Posted on January 6, 2016
Grouped products, as the name suggests, are a group of products that you’d like to sell together. You can bundle all sorts of products together, regardless of whether they are physical items or digital downloads. Grouping products likely to be sold together provides your customers with a quick and easy way to add a number of products to their basket without having to visit multiple pages. WooCommerce makes it quick and easy to group products together.
Creating a grouped product
The first step to creating a group of products is to create the product that will act as the parent to the products. To do this you need to first navigate to the “Products” section of the sidebar as shown here.
Once here, you need to create a new product. This is done by clicking the button towards the top of the screen labelled “Add Product”.
Simply fill in the product’s name and description. Remember that this product is going to be the group of products and so the name and description should reflect this. Once you have added a name and a description, you need to specify that the product is going to be a group. Click on the drop-down box at the top of the “Product Data” section of the page, and ensure that “Grouped product” is selected. I’ve highlighted the location of this drop-down box with an arrow. Your product should look something like this once everything is ready.
Once you’re happy that your group is ready, you can publish it by clicking the button on the right hand side of the page.
Adding products to a group
Now that you’ve created a grouped product, you’re ready to add individual products to the group. This is done in a very similar way to adding a grouped product. Like in the last step, you must first navigate to the products page by clicking “Products” in the sidebar. At this point you can either create a completely new product again, like in the previous step, or edit one of your existing products that you would like to group together.
If you do choose to create a new product then you’ll need to fill in a few basic details such as the product’s name, description, SKU and price.
Now that you have a product ready to be grouped, you need to click on the same drop-down box from the last step, and select “Simple product”. Now select the “Linked Products” tab (highlighted below) from the left hand side. Enter the name of the grouped product you created in the previous step into the box labelled “Grouping”.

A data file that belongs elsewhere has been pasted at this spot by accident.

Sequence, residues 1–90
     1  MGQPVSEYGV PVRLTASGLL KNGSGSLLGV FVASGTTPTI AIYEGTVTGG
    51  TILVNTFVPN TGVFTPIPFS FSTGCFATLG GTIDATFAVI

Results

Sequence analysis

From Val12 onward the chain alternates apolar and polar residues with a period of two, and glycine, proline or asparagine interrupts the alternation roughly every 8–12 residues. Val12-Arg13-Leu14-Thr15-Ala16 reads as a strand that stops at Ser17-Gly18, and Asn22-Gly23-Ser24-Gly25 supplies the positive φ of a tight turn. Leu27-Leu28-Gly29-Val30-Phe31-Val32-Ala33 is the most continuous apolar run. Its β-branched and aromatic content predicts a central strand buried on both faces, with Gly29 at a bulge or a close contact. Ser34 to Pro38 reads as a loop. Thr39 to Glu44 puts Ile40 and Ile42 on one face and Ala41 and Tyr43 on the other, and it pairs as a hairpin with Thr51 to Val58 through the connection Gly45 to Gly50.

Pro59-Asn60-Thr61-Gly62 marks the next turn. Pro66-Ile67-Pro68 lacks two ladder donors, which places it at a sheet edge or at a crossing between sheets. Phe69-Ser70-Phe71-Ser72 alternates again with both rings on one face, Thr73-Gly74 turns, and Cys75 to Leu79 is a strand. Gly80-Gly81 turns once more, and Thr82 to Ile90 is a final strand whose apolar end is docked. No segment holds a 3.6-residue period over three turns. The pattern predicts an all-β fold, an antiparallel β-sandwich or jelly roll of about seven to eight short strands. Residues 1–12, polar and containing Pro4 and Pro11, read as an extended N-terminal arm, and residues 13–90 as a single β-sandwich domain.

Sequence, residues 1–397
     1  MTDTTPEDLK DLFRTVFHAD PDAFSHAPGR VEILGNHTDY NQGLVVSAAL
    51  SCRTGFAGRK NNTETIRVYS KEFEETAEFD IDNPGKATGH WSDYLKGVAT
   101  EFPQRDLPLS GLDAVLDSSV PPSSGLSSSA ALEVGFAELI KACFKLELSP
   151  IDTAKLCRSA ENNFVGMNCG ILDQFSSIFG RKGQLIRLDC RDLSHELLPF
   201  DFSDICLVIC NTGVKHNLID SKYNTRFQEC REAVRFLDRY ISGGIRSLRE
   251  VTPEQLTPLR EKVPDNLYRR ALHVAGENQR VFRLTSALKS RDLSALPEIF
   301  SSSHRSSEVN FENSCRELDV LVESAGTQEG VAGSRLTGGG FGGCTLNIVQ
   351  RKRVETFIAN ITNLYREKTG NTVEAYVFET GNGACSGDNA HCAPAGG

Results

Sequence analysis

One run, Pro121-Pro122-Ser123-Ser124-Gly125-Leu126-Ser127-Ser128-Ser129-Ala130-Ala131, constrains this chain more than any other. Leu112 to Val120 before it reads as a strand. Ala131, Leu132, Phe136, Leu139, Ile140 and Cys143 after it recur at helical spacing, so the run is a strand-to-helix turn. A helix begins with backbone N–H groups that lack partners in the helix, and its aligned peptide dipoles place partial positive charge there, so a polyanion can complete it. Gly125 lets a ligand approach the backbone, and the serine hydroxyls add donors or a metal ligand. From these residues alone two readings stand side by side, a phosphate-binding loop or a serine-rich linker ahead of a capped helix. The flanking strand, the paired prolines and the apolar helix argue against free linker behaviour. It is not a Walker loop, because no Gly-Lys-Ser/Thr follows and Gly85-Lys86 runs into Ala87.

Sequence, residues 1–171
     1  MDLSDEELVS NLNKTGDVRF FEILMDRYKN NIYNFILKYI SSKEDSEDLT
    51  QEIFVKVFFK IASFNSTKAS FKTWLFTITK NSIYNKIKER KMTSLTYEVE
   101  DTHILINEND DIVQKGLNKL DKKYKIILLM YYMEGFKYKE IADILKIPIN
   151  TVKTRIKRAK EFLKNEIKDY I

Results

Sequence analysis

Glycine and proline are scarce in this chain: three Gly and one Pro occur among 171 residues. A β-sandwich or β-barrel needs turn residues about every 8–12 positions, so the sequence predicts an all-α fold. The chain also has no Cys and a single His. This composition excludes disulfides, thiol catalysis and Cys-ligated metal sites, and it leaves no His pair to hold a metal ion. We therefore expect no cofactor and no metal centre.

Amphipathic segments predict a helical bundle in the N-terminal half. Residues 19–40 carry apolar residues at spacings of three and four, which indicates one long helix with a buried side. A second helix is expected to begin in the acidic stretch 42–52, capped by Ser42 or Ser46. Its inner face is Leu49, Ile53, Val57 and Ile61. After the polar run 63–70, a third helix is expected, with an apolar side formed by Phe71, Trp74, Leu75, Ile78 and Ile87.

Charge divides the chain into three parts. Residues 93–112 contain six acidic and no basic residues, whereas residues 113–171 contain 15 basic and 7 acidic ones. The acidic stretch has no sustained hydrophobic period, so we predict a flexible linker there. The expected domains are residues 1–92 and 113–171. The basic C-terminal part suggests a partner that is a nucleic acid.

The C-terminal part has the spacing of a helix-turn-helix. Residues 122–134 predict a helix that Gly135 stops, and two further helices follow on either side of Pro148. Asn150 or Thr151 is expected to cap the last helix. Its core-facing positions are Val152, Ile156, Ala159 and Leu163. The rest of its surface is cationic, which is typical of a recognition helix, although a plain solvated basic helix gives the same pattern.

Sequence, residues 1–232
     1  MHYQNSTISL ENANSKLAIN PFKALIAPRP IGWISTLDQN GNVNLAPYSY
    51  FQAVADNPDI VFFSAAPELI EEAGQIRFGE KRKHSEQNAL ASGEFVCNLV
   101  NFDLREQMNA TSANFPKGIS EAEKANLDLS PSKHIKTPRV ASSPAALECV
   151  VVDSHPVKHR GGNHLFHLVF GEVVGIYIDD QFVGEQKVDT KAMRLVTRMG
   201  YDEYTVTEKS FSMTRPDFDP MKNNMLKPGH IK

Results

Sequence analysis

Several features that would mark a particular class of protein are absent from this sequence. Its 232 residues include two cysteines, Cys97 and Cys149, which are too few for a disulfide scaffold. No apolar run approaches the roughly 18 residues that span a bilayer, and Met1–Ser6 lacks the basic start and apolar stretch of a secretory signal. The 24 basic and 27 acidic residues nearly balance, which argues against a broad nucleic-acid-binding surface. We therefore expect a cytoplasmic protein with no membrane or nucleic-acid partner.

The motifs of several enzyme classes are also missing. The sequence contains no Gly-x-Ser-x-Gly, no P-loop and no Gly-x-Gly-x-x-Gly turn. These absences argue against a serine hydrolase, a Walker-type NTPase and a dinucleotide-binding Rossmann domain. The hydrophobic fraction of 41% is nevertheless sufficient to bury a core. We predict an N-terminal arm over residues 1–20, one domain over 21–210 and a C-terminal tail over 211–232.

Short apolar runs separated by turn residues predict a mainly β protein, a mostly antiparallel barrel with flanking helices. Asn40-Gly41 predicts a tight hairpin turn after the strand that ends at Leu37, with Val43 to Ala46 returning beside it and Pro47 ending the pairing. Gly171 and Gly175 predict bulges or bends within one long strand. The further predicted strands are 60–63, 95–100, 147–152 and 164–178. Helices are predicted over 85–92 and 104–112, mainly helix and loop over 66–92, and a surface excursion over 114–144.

Your product is now grouped! Click the publish button (Update button if you grouped an already existing product) to save the product.
You should now be able to see on the products page which products are in which groups. Items that are grouped are indicated with an arrow leading from the name of the group they are in.
And it’s as simple as that. Your customers will now be able to view your grouped products and add the entire group to their basket from one page. This is very helpful in ensuring that visitors to your shop have a fast and efficient experience and will encourage them to come back in the future.
Updated on December 7, 2015
Today is the day. You have created a new, innovative product. You want the product to be seen by the mass market and sell millions of units. But you don’t have a name for the product yet, so you just decide to add a basic name as you think, just like many other online-sellers out there, “It’s just a name”. STOP.
You’re about to encounter one of the most common e-Commerce pitfalls on the web today.
Why are product names important?
Market research has found that product names have significant influence on a potential buyer’s impressions of a product itself.
There is a famous story about Arnold Schwarzenegger when he first moved to live in Los Angeles, California. He started his own bricklaying company with his friend, fellow body-builder, Franco Columbu. Their clientèle were wealthy property owners in the high-end sections of LA. They had come up with an idea to undercut the price of their competition, but despite this, were unable to generate enough business.
Arnold then turned to his friend, who was a businessmen, to get some advice and ideas of how to change this. His friend stated “Your wealthy clientele can’t see the value in hiring a budget-priced crew which may have difficulty with the language.”
The businessman went on to suggest that Arnold and Franco raise (yes, raise!) their prices above the rest of the competition and market themselves as “Specialist European Bricklayers”. That simple change to their business did the trick and they had more business than they could handle.